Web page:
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Publications | November 14, 2022
4 minute read

Estate Planning for Millennials and Gen Zers

Quick quiz – What do Michael Jackson, Prince, Heath Ledger, Amy Winehouse, Chadwick Boseman and Avicii have in common? Yes, they are all famous people who died unexpectedly at a fairly young age, but they have something else in common – a failure to complete estate planning for their assets, making life much more difficult for the loved ones they left behind.

It is always surprising to find out that a famous person with significant assets (and plenty of advisors) did not create a good plan for these assets after their death. We wonder:

  • Why did Michael Jackson create a trust and then not put any assets into it?
  • Why did Heath Ledger fail to update his will when his daughter was born, accidentally disinheriting her?
  • Why didn’t Chadwick Boseman create a will as he was dying from cancer?
  • Why didn’t Prince, Amy Winehouse and Avicii create wills to make their plans known for their large fortunes?

A bigger surprise for some younger adults is to learn that they also need to do estate planning, even though they are not rich and famous (at least not yet). To help increase understanding about estate planning, three of Warner’s attorneys have provided answers to typical questions.

Who Needs an Estate Plan?

Haley: You do not need to be old or wealthy to need an estate plan. Everyone over age 18 needs the health and financial power of attorney documents that are created during estate planning. Additional planning is needed for parents (to name guardians for children) and those who own a business, have significant assets or have valuable items like investment portfolios or cryptocurrency. People with pets or digital assets (like social media or photo accounts) may also need this planning.  

Why Do I Need an Estate Plan?

Danelle: It is important to put a plan in place to handle an unexpected event that incapacitates you (temporarily or permanently) and to make sure that, in an emergency, your needs are handled by the important people in your life. Without power of attorneys in place, it takes time and court proceedings before someone is appointed by the court to act on your behalf.

What Is Included in an Estate Plan?

Sara: This planning creates some very important documents that every adult needs.

  1. Patient advocate designation (PAD) – No one can legally make medical decisions for you in the event of an accident or a medical emergency (not even your parents, spouse or child) without authorization from a PAD form or from the probate court. In an emergency, a PAD avoids court, saving your loved ones time and money.
  2. HIPAA form – This form lets you choose who can have access to your medical information.
  3. Durable power of attorney (DPA) – This document gives someone you have chosen the legal authority to pay your bills and manage your financial affairs if you become incapacitated or if desired for your convenience.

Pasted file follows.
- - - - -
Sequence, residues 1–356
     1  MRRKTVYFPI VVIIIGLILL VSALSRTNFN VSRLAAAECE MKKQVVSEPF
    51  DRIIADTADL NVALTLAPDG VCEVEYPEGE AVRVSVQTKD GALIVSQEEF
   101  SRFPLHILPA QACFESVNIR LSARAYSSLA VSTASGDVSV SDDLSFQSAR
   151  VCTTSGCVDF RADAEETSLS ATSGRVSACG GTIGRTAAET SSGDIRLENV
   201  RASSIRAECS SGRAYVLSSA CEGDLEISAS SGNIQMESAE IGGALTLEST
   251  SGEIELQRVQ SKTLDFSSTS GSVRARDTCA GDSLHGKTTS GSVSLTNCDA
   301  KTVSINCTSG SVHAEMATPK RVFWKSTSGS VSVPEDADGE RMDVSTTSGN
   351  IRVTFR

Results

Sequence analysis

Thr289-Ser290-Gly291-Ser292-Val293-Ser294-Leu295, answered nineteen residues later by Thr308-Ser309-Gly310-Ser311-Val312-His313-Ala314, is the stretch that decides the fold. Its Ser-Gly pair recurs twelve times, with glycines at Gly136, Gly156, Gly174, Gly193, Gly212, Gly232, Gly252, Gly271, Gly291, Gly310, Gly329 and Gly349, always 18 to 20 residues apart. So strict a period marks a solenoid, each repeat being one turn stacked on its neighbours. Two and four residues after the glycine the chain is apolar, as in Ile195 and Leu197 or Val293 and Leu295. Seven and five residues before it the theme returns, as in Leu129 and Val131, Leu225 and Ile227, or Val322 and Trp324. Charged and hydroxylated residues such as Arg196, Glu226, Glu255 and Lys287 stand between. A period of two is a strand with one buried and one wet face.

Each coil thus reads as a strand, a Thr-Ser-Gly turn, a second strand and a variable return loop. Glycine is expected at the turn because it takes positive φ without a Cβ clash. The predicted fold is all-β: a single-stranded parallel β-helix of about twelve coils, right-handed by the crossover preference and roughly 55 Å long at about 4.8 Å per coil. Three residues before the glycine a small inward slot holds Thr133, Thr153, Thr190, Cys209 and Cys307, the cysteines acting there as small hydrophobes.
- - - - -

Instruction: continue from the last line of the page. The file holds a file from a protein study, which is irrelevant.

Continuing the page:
4. Will – This document tells the state (and others) who you want to receive your property after your death, and who should manage the probate process (your personal representative). It also indicates who you wish to have guardianship of your children (and perhaps names a second person that you want to manage the money you left to the children).
  5. Trust – If you have young beneficiaries, significant assets or an unusual family situation, you may wish to create a trust to hold some of your assets. Assets in a trust are managed by a trustee, so the probate court is not involved in managing and distributing these. 

When Should I Do Estate Planning?

Haley: Ideally, you should have the PAD, HIPAA and DPA in place by age 18 and before you move away from home. You should look at these after life events like marriage, children or divorce and make updates as needed. Once you have children, significant assets or an unusual family situation, you should create a will or trust to distribute your assets at your death.

What If I Don’t Create a Will?

Danelle: If you die without a will, any items for which you have signed a beneficiary designation form (like retirement accounts or bank accounts) will pass directly to the named beneficiaries.

For the rest of your property that has no beneficiary and no joint owner, the court and state law essentially create a will for you. The court chooses a personal representative, or executor, to pay your debts and sell/distribute your remaining property to your heirs under state law. The process can take months or even a year before anyone sees any of your money.

Your money and property will be distributed based on your state’s succession laws which may not line up with what you would have done for those you love. For example, in Michigan, if you are single, childless and a parent is alive, everything goes to your parent and nothing will go to your siblings, significant other, friends, charities, etc.

How Do I Create an Estate Plan?

Sara: Reach out to any of Warner’s trusts and estates attorneys. We are happy to help you create an estate plan that is customized to your needs and gives you peace of mind.